(CBR) Courtesy of Jason from The Walking Dead 'Cast, CBR presents the transcript from his recent interview with "The Walking Dead" showrunner Scott Gimple. During the conversation, Gimple revisits his time as a fan before he became a writer on the series, explains how the second half of Season 4 was deliberately constructed to hew closer to the comic's stories than perhaps the previous season had and his happiness at swerving viewers by not giving them the big, main character death in the season finale so many had come to expect. Gimple also briefly looks ahead to the next season, explains his approach to pulling from and translating the comics to television, addresses the noticeably darker tone of the second half of last season and more.

Read the interview below, and download the podcast for free.

First off, I want to tell you this was my favorite season of "The Walking Dead" so far, and a bunch of our listeners have said the same thing. So I want to thank you for doing such an amazing job on the show. Scott Gimple:

Thank you! That's high praise from you guys. I would say you guys watch with an intensity unmatched. How's that?

A lot of our listeners do too, and we get lots of email, and people come up with things that we hadn't considered. So it's really fun to be able to chew on something like that, and this season, especially, has given us a lot! It felt deeper to me, and looking back over the season, a lot of the elements felt more connected and reverberated across individual episodes more than usual. Both big themes and little elements -- pacifism versus brutality, down to the sunflowers appearing in a painting and again at Terminus. I almost picture you at home with a big cork-board with "Beautiful Mind"-style post-it notes connected by strings.

[Laughs]

Was it especially important for you to connect things this season, and how did you manage to do that?

I think the thing that allows us to do it and gives us a chance to do that extra stuff is just planning. Knowing where we're going from the start. I came in with the season fairly well mapped out, especially the first eight [episodes], and provided that to the writers. So we had a really big basis for our conversations from the beginning. It gave us that opportunity in big ways and small ways.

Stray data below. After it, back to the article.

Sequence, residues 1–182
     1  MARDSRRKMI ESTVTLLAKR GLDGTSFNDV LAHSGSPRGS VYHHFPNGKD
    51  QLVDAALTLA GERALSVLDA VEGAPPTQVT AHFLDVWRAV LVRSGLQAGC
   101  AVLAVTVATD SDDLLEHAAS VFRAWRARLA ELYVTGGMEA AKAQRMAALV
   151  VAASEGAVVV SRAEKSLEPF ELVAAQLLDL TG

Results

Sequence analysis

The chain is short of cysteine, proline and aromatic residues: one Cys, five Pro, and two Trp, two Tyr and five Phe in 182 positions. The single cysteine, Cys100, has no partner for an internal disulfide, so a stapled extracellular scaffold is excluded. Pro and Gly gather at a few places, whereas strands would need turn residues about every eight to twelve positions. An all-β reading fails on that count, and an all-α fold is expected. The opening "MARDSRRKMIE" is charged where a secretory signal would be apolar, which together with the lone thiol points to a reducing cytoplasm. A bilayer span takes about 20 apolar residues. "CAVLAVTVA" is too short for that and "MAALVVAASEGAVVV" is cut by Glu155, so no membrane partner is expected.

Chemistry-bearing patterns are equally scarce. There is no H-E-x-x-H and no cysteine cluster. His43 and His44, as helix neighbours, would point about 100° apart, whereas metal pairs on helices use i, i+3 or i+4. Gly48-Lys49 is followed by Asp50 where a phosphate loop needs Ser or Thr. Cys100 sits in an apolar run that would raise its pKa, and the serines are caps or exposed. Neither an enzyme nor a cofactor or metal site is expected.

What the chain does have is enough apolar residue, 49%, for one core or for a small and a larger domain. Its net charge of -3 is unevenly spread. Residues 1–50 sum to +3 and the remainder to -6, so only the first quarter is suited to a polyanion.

So you sat alone before you ever talked to a writer and pretty much mapped out the first eight?

Well, yeah. I mean, I'm not saying every scene. You know, the virus storyline was going to go so many episodes, then we were going to go to the Governor, and then they were going to crash together. And there were certainly very fantastic adjustments to that that came out of the writer's room. 

But having that basis, it got us off and running quicker. I certainly knew what I wanted, and thus the writers were able to come up with stuff that spoke to that. And I knew that the back half was split apart and focusing on these groups. 

I think I might've even had the groups nailed down -- I'm not sure, because even if I had them nailed down, I know they shifted from our conversations. We figured out the best sort of combinations to bring out the individual stories of the characters.

Did you know, when you were writing Rick as a "farmer-pacifist" in episode one, that he would end up brutally killing somebody at the end?

I knew that precisely. I knew that we were leading to the "Claimers" scene. So much of what we do -- or that what I do, when I start talking to the writers, then we do together -- is figuring out, what are the moments leading to The Moment? And, how does that serve the overall character and what is that character's journey and how do they change? Or how do they maintain themselves through everything they're going through? Which, I guess, Daryl's story is more an example of.

This season, a few of the moments that you're talking about, to comic readers' delight, have been some of the most intense moments pulled right out of the comic. Has it been fun to drive towards those?

Oh, yeah, and that absolutely became the way I thought about the show. I did the episode "Pretty Much Dead Already," which in the comic book was powerful -- and that was just Hershel's family and friends coming out of the barn. That was an example of all of us coming together and figuring out a way to make something that worked in the comic book hit even harder. Do all the stuff that Robert [Kirkman] was doing, and figure out ways to even turn it up more.

I guess that's how I look at the show, is finding those moments in the book that I loved or those moments that are just critical to the story, and [asking], how do we serve them in ways that turn it up that much more?

I think that moment in particular, in "Pretty Much Dead Already," was really when the show exploded. Everybody was talking about it.